Our reasons for changing our policy are these:

We found few dealers who were in a position to merchandise model railroad equipment properly. Not many were willing to stock our complete lines and give them the attention needed to keep them moving. This gave rise to complaints from many of our customers whom we directed to certain dealers. They found the dealers unhelpful—mere order takers, in fact. A still more important reason was the fact that selling through dealers necessitated too high a level of prices. We could not reduce them, as we have now done, while we were selling to dealers at approximately one-half list price. Lastly, we were unable to get enough wholesale volume to make it profitable, and, naturally, no business can last without a profit. …

No doubt many of you will wonder at the listing, herein and in our national advertising, of our three new display rooms and outlets. After several weeks of operating a strictly mail order business under our new policy, we decided to establish these display rooms in various parts of the country for the convenience of our customers. At present they are located in New York City, Los Angeles and San Francisco. They will not be operated as dealer-outlets in the strict sense of the term, but under a new plan. If the plan proves successful, other displays will be established in other cities.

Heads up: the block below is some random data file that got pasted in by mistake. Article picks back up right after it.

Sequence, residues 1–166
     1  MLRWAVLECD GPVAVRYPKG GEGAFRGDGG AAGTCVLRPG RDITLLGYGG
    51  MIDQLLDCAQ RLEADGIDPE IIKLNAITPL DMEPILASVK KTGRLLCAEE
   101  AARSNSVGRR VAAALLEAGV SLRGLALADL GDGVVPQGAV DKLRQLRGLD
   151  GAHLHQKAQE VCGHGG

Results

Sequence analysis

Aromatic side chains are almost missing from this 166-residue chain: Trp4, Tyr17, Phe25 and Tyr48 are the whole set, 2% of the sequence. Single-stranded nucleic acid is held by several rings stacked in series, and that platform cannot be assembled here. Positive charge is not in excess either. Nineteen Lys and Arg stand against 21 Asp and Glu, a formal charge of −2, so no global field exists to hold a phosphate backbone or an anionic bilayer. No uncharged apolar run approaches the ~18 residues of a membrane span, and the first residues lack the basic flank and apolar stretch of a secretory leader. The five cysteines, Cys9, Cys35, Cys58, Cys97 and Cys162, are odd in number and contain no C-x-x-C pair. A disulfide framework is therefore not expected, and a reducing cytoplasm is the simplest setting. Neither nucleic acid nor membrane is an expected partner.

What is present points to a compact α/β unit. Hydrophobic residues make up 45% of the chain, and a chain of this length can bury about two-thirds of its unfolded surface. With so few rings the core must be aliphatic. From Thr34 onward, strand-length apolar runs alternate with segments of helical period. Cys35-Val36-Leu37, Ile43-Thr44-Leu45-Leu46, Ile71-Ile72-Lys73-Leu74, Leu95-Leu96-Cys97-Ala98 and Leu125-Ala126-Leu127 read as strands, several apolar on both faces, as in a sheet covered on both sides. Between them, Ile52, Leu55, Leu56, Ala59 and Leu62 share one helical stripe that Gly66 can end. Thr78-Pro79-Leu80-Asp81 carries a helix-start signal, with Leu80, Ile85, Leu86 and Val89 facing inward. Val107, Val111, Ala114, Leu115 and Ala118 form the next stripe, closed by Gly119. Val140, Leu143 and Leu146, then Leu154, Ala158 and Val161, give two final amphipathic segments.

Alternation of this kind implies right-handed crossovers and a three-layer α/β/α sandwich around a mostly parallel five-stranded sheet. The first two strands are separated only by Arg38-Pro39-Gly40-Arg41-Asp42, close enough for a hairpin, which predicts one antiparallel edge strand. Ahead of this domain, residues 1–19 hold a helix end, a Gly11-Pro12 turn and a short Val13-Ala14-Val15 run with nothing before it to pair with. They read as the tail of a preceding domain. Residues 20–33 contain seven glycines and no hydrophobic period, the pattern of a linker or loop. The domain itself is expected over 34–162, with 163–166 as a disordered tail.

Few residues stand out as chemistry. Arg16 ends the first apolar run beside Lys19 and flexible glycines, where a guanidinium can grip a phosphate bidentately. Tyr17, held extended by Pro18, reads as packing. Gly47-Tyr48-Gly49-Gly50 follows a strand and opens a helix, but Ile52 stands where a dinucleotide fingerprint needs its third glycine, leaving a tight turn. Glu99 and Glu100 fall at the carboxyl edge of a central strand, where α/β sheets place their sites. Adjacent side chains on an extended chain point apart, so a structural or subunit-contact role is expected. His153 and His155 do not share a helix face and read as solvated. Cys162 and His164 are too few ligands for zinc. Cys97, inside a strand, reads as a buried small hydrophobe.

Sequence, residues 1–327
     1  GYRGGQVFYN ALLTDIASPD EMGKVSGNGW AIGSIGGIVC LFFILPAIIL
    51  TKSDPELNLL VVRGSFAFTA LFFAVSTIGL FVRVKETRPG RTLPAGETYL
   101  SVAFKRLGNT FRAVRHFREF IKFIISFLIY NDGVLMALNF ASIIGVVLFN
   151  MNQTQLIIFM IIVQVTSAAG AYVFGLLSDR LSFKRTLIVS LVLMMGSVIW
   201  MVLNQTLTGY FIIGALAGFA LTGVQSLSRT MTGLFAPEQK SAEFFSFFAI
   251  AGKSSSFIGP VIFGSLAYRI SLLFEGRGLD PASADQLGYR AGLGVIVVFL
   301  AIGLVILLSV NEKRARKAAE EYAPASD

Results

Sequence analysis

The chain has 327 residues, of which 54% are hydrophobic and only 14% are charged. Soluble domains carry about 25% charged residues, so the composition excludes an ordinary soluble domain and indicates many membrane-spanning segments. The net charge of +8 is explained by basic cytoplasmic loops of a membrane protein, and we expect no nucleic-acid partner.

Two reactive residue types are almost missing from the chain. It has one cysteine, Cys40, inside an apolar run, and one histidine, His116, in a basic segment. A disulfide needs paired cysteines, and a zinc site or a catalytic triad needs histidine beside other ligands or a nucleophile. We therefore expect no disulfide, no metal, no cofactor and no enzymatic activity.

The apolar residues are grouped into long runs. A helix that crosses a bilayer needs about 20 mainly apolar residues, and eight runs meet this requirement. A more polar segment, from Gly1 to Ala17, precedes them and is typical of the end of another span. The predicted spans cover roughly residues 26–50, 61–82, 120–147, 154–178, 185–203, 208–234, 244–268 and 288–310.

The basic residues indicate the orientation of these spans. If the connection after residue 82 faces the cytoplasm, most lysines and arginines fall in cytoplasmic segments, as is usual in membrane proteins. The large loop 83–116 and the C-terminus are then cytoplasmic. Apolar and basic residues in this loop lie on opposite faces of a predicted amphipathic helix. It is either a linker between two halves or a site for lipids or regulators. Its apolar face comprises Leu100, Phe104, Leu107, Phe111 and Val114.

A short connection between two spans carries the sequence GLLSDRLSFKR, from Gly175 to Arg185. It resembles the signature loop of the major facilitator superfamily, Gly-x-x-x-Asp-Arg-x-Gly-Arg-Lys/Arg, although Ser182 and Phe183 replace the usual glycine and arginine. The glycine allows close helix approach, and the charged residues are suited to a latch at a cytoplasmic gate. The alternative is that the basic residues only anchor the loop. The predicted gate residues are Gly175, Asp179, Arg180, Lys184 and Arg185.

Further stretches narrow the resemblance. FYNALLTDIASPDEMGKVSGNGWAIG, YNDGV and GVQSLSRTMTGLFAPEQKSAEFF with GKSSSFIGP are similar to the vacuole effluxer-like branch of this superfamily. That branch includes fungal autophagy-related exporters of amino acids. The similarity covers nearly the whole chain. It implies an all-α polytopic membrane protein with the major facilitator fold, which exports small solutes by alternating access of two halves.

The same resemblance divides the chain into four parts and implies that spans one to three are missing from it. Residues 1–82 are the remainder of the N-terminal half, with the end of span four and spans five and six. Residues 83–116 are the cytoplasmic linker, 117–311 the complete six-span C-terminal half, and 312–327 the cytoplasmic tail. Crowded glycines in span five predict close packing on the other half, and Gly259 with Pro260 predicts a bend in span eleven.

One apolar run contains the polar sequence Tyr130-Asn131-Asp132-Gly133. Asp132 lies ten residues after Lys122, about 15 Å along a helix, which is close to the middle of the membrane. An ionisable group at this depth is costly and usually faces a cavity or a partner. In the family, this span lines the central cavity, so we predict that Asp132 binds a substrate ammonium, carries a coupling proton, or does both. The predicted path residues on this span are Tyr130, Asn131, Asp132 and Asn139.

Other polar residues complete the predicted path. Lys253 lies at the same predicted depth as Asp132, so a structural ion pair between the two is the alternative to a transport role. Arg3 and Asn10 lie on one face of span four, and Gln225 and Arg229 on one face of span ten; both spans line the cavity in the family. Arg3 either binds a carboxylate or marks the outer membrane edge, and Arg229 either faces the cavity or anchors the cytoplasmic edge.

To expand briefly on the OO related news mentioned earlier in this article, S-C highlighted the tank cars and hopper cars (both available either for $2.85 as kits or $4.95 assembled) and also this switch kit. The kit was designed to make track that would match their track line, with the metal base, but it was not metal but to be built up on a plywood base. They must have sold a few of these as it was a huge need for anyone trying to build a layout. Also in this issue is an article on laying OO track, using their fibre tie strip, a plywood base, bird gravel, etc. "We have compared our method with others, and believe you will find it the easiest way to obtain the best results." An example of their switch kit in box may be seen here.

Be watching for more soon from the Blow-Smoke newsletter; it is a fascinating window into the history of Scale-Craft and the marketing of American OO gauge. [Article updated 2012]

Continue to part 2 of series.

Friday, December 12, 2008

More notes on the Nason “EAZY-BILT” cars

In several recent posts I have focused on the early but fairly common Nason “Easy-Built” cars, models that I have continued to look at.